The mitogen-activated protein kinase (MAPK) pathway is an important bridge in the switch from extracellular signals to intracellular responses. Overactivation of the MAPK pathway is an important driver of many human cancers. Scientists have used therapies that target the MAPK pathway, however, they have only been effective in a few cancers with mutations in a cancer gene called BRAF, and unfortunately, the cancers end up developing resistance.

Now, scientists at the UCLA Jonsson Comprehensive Cancer Center describe a new combination therapy that has the potential to treat BRAF mutated melanoma and additional aggressive subtypes of cancers including melanoma, pancreatic, colon, and lung cancers that harbor common mutations in cancer genes called RAS or NF1.

Their study, “Durable Suppression of Acquired MEK Inhibitor Resistance in Cancer by Sequestering MEK from ERK and Promoting Anti-Tumor T-cell Immunity,” is published in the journal Cancer Discovery.

“MAPK-targeting in cancer often fails due to MAPK-reactivation. MEK inhibitor (MEKi) monotherapy provides limited clinical benefits but may serve as a foundation for combination. Here, we showed that combining a type II RAFi with an allosteric MEKi durably prevents and overcomes acquired resistance among cancers with KRAS, NRAS, NF1, BRAFnon-V600, and BRAFV600 mutations,” the investigators wrote.

“The idea behind this study was to develop a combination treatment that helps people with common lethal cancers by eliciting durable anti-tumor responses,” said senior author Roger Lo, MD, PhD, a professor of medicine at the David Geffen School of Medicine at UCLA and member of the UCLA Jonsson Comprehensive Cancer Center. “Right now, MEK inhibitors by themselves provide limited clinical benefits, and the current MAPK pathway-targeted, combination therapy can help only certain patients with cancers harboring specific BRAF mutations.”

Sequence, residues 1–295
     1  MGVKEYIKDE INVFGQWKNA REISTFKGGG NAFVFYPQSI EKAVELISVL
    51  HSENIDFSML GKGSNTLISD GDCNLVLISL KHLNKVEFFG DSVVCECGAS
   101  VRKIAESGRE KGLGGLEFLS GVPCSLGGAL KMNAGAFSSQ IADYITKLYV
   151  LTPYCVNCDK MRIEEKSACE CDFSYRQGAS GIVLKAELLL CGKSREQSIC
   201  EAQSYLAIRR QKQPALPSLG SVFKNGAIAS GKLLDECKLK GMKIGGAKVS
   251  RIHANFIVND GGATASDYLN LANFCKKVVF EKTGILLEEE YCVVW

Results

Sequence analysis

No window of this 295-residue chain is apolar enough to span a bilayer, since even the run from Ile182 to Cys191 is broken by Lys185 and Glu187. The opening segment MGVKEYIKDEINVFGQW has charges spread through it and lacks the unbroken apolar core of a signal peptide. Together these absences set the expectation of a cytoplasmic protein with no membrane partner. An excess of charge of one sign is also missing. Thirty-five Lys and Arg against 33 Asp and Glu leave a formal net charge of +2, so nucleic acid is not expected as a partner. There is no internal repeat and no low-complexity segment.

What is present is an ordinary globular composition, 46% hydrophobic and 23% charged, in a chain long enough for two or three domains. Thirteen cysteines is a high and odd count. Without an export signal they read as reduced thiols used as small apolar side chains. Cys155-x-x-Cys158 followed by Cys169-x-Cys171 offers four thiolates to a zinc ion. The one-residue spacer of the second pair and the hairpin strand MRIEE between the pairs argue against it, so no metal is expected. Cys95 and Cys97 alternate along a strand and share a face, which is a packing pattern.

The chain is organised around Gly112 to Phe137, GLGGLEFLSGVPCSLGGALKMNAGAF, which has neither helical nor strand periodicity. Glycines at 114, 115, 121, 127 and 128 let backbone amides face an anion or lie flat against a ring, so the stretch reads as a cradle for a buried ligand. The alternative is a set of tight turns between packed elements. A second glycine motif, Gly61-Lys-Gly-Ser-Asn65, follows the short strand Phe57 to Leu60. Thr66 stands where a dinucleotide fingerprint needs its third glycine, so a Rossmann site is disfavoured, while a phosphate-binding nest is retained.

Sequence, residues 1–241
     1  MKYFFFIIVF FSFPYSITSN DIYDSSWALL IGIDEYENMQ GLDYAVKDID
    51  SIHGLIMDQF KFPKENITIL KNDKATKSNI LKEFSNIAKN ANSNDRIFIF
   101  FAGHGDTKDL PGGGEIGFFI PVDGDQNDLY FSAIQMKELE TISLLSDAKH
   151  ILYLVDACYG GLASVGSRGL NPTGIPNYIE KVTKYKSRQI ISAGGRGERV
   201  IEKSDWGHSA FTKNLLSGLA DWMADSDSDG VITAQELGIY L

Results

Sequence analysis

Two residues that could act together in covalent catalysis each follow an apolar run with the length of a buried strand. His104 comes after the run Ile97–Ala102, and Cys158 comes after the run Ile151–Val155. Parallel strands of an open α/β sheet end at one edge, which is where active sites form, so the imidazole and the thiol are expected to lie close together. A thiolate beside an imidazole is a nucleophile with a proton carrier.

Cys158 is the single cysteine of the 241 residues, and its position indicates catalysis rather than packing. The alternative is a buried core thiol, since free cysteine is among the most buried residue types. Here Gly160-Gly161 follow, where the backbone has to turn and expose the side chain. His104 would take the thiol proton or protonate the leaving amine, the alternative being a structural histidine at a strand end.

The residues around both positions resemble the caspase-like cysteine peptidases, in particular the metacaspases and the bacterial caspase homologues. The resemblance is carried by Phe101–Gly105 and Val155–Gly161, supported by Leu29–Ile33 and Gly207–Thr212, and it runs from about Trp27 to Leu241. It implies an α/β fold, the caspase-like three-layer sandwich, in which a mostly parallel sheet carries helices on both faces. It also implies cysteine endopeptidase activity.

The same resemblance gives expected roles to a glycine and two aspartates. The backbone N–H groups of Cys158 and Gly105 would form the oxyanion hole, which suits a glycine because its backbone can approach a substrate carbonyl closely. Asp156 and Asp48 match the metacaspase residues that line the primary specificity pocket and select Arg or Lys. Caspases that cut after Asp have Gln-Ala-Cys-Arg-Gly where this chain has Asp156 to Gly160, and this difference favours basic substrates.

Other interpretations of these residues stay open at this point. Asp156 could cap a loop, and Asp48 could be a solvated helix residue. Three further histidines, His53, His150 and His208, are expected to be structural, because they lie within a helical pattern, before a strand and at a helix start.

The investigators used patient-derived models of melanoma, non-small cell lung cancer, pancreatic cancer, and colon cancer as well as mouse tumors that mimic these human cancers. The team evaluated how the combination of type II RAFi plus MEKi impacts the MAPK pathway inside the cancer cells and the body’s cancer-fighting immune or T cells over time in order to achieve long-term response by suppressing drug-resistant clones.

The next-generation combination works by two mechanisms that can suppress drug-resistant clones. First, the two small molecules lock RAF and MEK proteins in the MAPK signaling pathway into a tight complex. Keeping these molecules together allows the drugs to block the MAPK pathway. The combination then prevented a weakening of killer T cells inside the tumor and promoted T-cell clonal expansion.

“It is quite remarkable that two drugs were able to bind to each of two proteins and sequester them from further propagating signals inside the cancer cells,” said co-senior author Gatien Moriceau, PhD, assistant adjunct professor at the David Geffen School of Medicine at UCLA.

“The combination unexpectedly preserves killer T cells inside the tumors, which allows them to hunt down drug-resistant tumor clones,” pointed out Moriceau. “This favorable impact on T cells paves the way to combine MAPK-targeted therapies with anti-PD-1/L1 immune checkpoint therapy.”

This novel combination therapy holds promise for patients who relapse due to cancers becoming resistant and may lead to further advancements in targeting the MAPK pathway. The combination of type II RAFi plus MEKi is currently being tested in clinical trials in both melanoma and other solid cancers such as non-small cell lung cancer.